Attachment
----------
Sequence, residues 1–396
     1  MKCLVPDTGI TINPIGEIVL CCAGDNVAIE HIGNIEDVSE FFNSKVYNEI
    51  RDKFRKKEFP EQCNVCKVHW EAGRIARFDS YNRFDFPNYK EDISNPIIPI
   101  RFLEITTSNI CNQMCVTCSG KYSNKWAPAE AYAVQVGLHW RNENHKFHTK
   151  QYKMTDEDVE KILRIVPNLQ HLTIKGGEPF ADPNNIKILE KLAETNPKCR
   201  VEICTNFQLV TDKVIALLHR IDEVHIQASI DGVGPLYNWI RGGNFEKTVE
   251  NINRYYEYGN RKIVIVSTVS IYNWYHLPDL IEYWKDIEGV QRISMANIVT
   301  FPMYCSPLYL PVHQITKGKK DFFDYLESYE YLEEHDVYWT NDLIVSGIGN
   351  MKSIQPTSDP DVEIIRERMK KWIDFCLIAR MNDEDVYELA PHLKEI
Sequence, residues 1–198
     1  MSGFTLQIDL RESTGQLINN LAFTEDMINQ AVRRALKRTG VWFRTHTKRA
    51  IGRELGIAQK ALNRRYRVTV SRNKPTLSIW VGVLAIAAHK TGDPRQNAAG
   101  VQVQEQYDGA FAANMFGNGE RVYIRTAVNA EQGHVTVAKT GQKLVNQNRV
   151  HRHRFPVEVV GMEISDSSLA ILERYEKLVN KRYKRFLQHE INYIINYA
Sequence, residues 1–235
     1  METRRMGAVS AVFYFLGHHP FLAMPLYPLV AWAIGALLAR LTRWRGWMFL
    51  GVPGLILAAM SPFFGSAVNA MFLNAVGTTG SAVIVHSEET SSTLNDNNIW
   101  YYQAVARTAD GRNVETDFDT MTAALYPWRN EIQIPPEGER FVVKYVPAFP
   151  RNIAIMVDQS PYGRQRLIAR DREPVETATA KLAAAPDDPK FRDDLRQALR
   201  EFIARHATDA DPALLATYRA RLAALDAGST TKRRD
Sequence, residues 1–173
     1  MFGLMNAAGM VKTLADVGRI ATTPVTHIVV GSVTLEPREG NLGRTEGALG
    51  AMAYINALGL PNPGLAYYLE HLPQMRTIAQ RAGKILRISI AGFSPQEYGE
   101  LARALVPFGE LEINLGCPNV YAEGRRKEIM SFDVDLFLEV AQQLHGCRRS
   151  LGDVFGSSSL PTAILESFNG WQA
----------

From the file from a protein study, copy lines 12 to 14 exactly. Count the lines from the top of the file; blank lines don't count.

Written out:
    51  IGRELGIAQK ALNRRYRVTV SRNKPTLSIW VGVLAIAAHK TGDPRQNAAG
   101  VQVQEQYDGA FAANMFGNGE RVYIRTAVNA EQGHVTVAKT GQKLVNQNRV
   151  HRHRFPVEVV GMEISDSSLA ILERYEKLVN KRYKRFLQHE INYIINYA